A couple of days ago I was spreading the WPF goodness and was talking about how MVVM (Model-View-ViewModel) helps promote separation of concerns by removing the need for the code-behind file from the associated XAML file. After my statement someone replied with the following question, “So why even have it there, can you just delete it?”. Obviously I replied yes, you absolutely can delete the code-behind file from a XAML file and the application will still work. Then they replied, “That’s cool I guess, but what about the code that needs to execute, such as event handlers?”. Naturally I brought up the fact that using MVVM you don’t use event handlers, but as most developers do, they said, “Well what if I really needed it?”. My reply to that question was, “If you really had to, it is possible to write inline code inside the XAML file”.
They looked at me in amazement, “Really?”. Apparently that is a little known fact about WPF. Yes, it is absolutely possible to write inline code inside a XAML page without the need for a code-behind file, and everything will work as expected. I quickly realized that his was going somewhere I didn’t want it to go. I knew what was coming next; they asked me to show them how to do it. Uggg…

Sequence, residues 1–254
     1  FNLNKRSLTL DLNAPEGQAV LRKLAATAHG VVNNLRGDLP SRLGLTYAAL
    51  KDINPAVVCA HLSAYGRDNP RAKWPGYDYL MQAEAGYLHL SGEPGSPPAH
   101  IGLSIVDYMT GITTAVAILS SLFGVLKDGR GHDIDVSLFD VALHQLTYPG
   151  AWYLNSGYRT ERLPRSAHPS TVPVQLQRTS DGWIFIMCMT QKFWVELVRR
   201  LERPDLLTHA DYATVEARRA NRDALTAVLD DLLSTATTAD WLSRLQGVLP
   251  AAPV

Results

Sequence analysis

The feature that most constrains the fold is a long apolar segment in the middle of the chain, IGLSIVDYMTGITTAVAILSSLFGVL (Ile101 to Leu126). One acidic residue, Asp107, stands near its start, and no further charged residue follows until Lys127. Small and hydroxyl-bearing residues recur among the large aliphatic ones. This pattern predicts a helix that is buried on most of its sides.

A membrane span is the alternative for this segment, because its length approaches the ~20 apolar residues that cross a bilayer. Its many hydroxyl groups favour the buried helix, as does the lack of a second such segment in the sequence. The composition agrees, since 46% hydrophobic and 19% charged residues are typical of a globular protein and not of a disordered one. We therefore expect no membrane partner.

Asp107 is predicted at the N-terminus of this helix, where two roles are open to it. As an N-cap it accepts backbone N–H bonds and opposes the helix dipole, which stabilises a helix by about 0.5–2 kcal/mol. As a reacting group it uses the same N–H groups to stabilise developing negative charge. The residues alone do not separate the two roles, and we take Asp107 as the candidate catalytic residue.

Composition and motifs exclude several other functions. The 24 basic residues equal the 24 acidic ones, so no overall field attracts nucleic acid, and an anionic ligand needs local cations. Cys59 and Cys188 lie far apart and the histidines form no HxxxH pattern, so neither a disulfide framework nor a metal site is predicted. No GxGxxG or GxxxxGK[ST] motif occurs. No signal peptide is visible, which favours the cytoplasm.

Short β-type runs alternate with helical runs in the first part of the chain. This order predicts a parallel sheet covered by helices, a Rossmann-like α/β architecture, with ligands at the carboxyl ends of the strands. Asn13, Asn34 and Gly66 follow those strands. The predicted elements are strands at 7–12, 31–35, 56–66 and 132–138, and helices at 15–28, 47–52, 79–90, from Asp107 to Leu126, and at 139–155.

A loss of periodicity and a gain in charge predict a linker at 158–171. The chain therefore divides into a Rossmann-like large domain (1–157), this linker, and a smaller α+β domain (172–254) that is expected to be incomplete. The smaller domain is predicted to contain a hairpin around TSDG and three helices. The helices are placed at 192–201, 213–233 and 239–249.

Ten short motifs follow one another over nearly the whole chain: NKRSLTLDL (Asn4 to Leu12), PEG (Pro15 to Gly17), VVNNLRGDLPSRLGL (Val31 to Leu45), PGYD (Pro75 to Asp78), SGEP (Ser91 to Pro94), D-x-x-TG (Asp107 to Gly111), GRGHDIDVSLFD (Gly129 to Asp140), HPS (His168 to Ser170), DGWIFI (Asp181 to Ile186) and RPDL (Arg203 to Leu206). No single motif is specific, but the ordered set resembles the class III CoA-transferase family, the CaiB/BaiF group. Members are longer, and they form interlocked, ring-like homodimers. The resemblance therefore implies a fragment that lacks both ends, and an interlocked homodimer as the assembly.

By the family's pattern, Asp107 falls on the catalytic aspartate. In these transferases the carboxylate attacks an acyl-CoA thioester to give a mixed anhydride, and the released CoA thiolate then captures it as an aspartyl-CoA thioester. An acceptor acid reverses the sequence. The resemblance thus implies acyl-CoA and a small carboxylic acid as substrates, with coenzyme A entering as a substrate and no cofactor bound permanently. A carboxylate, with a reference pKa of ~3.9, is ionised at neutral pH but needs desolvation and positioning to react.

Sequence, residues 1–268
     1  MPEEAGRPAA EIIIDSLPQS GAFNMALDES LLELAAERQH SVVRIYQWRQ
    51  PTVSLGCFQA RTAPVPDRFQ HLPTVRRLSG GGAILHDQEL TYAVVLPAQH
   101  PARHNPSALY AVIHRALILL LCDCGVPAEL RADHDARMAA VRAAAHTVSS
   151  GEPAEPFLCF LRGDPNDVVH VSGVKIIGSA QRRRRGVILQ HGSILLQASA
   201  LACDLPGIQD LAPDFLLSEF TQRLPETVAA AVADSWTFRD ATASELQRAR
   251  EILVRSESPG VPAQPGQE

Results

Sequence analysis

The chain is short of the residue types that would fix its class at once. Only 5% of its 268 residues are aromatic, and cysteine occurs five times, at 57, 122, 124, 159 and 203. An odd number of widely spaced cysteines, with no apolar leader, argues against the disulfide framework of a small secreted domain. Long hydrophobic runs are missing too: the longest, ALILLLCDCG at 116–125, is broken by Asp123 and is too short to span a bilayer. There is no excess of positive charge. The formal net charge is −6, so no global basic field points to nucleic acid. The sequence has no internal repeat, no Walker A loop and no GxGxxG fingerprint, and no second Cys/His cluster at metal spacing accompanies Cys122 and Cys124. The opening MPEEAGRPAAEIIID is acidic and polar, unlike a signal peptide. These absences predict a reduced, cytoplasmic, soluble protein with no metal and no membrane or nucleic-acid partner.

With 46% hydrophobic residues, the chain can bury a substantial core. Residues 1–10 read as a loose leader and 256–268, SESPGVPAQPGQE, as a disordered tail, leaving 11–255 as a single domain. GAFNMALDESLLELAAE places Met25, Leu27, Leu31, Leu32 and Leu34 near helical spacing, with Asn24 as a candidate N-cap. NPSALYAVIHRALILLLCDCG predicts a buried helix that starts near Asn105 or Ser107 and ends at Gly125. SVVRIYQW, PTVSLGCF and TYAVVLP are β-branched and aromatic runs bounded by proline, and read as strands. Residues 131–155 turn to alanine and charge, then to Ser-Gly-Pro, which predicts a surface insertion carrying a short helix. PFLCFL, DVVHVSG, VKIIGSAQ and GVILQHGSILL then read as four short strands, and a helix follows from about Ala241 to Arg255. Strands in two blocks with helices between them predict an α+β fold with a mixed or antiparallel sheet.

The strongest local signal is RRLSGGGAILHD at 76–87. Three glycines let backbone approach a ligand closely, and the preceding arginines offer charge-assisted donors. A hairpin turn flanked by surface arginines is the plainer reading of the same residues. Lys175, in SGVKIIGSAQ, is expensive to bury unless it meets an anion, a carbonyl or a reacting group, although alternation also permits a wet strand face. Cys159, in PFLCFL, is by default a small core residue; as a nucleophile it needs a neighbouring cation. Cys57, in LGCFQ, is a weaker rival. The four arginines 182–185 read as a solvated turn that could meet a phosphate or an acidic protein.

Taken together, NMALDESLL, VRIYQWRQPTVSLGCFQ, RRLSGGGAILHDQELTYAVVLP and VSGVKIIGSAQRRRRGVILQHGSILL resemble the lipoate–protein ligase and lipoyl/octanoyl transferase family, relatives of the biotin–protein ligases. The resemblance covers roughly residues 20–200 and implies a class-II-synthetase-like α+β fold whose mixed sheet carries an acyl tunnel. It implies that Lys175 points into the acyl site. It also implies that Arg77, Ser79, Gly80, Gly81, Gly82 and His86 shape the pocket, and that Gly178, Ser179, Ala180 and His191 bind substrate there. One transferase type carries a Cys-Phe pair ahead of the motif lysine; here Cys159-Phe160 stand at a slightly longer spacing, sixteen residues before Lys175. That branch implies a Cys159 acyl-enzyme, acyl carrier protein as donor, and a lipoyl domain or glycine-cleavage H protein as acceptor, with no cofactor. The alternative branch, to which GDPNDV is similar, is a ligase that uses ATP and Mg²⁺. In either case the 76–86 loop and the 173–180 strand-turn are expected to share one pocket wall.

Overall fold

Okay here is the deal; what I am about to show you is not recommended. It goes against everything I have been teaching in the community, but if you are curious how to actually do this, it is quit simple.
As you can see the code snippet above is pretty simple. You will notice that the Button has a EventHandler defined called “btnExitApp_Clicked”. Since there is no code-behind (I deleted it) you may be expecting a compile error that says it cannot find the definition for the EventHandler. But wait, we do have the event handler defined within the <x:Code>….</x:Code> tags.
The <x:Code>….</x:Code> is a directive element defined in XAML. An x:Code directive element can contain inline programming code. The code that is defined inline can interact with the XAML on the same page. Notice that the code is inside the x:Code element and that the code must be surrounded by <CDATA[…]]> to escape the contents for XML, so that a XAML processor (interpreting either the XAML schema or the WPF schema) will not try to interpret the contents literally as XML.
That is all there really is to it. There are some limitations to using inline code, for more information you can check out the MSDN documentation. Now, I don’t want to see this in any production code.